A.G.G. Gibson (ed.): The Julio-Claudian Succession. Reality and Perception of the "Augustan Model" (= Mnemosyne. Supplements - History and Archeology of Classical Antiquity; Vol. 349), Leiden / Boston: Brill 2013, 180 S., ISBN 978-90-04-23191-7, EUR 90,00
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Scholarly interest has shifted from the foundation of the Augustan principate (a topic still dominated by The Roman Revolution) to its continuation, to the "successions" that truly marked the creation of a lasting new political reality. The shift is partly due to the discovery of important new documentary evidence related to the status of the first imperial dynasty, particularly the inscribed copies of decrees and laws related to the death of Tiberius' adopted son Germanicus and the punishment of Cn. Calpurnius Piso for disloyalty towards him. It is also, due, however to the recognition that in the case of Rome's first dynasty the concept of "succession" is much more complex in theory and in practice than has been assumed. The collection of essays edited by A.G.G. Gibson in The Julio-Claudian Succession: Reality and Perception of the "Augustan Model" aims to explicitly recognize this complexity by analyzing distinct aspects of the earliest imperial successions to ask "what makes an emperor? " (16).
Nor surprisingly the essays included began as papers for a conference that explored "different patterns of represenation of Tiberius, Gaius, Claudius, and Nero across a wide variety of different contexts" (10). The construction, representation, and reception of imperial identities remain the primary themes of the printed collection, with less direct attention paid to political or military developments or realities. Neverthless the essays are arranged chronologically by ruler rather than thematically to allow "development of imperial concepts to be revealed" (11). This is an understandable arrangement, even though, for example, Osgood's essay, placed first because it deals with Augustus, is as much an examination of Suetonius and the changing understanding of first emperor as it is of Augustus himself. One regrets, along with the editor, the lack of a paper devoted to visual material, art, or architecture which was one of the most important ways that the imperial identity was both represented and perceived and which has been the subject of much recent scholarly treatment. Visual materials, especially coin types, are heavily used in several essays, but the primary focus of the collection is on literary works, both contemporary and subsequent to the dynasty, with Suetonius (Seager), Tacitus (Vout, Bellemore, Rees), the Laus Pisonis (Rees), and the Octavia (Buckley) receiving attention. As a result of the collection's literary focus, it is also concentrates mostly on the upper-clases and Rome itself. A short collection such as this one is selective by definition, but one also misses an explicit treatment of an emperor's representation of himself and his position, for example, to a provincial town or a field army.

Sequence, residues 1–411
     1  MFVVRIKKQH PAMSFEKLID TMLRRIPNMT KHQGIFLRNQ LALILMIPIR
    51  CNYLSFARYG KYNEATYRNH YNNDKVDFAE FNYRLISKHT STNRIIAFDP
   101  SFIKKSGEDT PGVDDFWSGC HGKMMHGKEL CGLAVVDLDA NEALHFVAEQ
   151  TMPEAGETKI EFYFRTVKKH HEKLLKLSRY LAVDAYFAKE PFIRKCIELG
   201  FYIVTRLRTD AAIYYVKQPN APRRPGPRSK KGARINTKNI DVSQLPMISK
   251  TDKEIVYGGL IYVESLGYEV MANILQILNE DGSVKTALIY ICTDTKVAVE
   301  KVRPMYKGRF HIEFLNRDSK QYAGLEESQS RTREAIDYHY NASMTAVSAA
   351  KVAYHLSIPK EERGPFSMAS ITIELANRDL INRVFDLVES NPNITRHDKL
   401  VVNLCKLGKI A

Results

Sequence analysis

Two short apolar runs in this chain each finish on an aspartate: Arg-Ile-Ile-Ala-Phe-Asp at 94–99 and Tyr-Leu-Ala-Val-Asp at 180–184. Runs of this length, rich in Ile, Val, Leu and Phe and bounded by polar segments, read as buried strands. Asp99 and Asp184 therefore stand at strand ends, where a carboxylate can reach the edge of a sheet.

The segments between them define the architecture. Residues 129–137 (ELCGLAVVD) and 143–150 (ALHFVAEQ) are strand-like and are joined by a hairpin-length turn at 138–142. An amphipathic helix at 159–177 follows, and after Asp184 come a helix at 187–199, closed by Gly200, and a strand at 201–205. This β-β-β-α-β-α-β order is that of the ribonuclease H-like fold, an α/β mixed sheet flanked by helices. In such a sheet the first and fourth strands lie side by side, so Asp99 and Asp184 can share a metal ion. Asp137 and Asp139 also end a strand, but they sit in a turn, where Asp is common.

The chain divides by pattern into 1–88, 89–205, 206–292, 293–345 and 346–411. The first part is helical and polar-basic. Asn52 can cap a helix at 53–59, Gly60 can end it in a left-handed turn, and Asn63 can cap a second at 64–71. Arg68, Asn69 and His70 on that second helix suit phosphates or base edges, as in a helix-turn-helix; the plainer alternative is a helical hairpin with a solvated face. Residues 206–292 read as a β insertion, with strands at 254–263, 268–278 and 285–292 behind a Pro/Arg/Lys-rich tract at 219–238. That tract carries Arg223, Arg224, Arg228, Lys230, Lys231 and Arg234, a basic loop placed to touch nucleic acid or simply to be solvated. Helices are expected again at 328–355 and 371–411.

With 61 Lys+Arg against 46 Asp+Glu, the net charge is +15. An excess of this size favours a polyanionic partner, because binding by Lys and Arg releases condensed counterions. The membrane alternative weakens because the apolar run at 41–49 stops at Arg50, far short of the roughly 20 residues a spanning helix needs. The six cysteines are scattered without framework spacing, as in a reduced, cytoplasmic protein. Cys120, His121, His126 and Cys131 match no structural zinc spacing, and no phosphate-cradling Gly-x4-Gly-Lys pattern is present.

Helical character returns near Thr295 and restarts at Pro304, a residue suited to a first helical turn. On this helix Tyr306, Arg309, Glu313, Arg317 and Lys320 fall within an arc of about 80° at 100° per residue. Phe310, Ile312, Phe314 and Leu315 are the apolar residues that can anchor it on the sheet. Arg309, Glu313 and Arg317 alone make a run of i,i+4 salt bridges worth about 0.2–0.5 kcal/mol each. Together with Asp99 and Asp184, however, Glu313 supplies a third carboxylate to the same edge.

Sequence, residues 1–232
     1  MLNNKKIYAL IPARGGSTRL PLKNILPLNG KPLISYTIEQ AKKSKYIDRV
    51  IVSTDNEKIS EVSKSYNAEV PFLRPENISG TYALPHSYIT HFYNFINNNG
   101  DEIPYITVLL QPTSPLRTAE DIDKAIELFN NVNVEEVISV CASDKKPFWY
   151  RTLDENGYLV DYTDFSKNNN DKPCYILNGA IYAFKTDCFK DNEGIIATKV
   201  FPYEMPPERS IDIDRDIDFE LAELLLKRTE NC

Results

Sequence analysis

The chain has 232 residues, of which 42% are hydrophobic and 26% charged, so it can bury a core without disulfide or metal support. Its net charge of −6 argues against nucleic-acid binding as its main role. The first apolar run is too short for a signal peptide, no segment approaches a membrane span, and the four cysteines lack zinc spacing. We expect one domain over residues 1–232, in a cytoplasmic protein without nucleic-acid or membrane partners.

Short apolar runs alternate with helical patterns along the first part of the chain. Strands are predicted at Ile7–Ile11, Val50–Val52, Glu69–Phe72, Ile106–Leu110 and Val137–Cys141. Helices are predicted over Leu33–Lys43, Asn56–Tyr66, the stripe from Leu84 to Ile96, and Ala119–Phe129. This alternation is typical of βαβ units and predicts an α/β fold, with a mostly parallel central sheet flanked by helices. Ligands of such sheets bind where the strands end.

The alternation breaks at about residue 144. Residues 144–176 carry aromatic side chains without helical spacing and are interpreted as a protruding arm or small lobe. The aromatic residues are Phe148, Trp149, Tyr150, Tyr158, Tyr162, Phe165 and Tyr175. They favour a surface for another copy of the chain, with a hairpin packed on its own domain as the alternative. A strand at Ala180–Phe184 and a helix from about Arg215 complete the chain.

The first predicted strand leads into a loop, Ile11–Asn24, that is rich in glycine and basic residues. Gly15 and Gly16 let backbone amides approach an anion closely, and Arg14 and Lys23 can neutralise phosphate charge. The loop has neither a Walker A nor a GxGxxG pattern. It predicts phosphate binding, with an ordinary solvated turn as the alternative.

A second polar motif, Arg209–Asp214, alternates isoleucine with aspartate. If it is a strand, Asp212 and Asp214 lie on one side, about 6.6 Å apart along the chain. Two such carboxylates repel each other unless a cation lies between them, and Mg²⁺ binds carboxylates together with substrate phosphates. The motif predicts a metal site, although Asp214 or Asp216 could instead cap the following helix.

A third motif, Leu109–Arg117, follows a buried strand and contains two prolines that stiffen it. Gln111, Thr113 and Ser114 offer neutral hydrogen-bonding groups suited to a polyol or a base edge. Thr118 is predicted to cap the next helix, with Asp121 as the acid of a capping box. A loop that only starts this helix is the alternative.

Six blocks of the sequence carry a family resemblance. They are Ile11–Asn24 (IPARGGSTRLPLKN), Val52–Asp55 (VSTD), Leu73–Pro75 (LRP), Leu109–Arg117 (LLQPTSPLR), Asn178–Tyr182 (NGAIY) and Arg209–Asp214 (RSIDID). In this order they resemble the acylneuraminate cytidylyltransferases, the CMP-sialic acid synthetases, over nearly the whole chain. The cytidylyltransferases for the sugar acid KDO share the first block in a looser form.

The essays contained in the collection are all insightful and interesting. Bellemore and Seager advance our understanding of the difficult concept of the domus Augusta under Tiberius, looking for how the makeup and hierarchy of the imperial house were constructed and communicated. Vout takes on the age-old question of Tiberius' dissimulatio by arguing that Tiberius had little choice but to follow the model of Augustus as princeps even though it did not fit him well and thus might appear to be disingenuous. Gibson's own contribution deals with how Claudius walked the line between military and senatorial acceptance. It is somewhat ironic that the last Julio-Claudian, Nero, is the subject of three essays in a volume on succession. Rees considers Tacitus' treatment of the Neronian conspirator Piso and Buckley looks at the Nero of the Octavia. Finally, Drinkwater argues that in Nero's failure we can still see the developing institution of the monarchy that would eventually sustain good and bad rulers.
Overall both the collection as a whole and the individual contributions are valuable for those interested in how the earliest emperors presented themselves. While it is hard to draw broad conclusions from a collection of essays, two general points that emerge are worth noting. First, as Gibson himself points out, the dynasty might rightly be styled Augustan rather than the Julio-Claudian. The essays return repeatedly to the fact that while each successor could construct a somewhat unique identity as a ruler, given the lack of formal models and rules, they were all always in dialog with, and judged by, the standard set by Augustus. Second, the understanding and perceptions of the dynasty and of individual emperors continued to change and develop over time, reflecting and incorporating later realities and ideas, rather than being static or fixed. Thus the "development of imperial concepts" from ruler to ruler is not always easy to define or trace using our later historical sources.
J. Bert Lott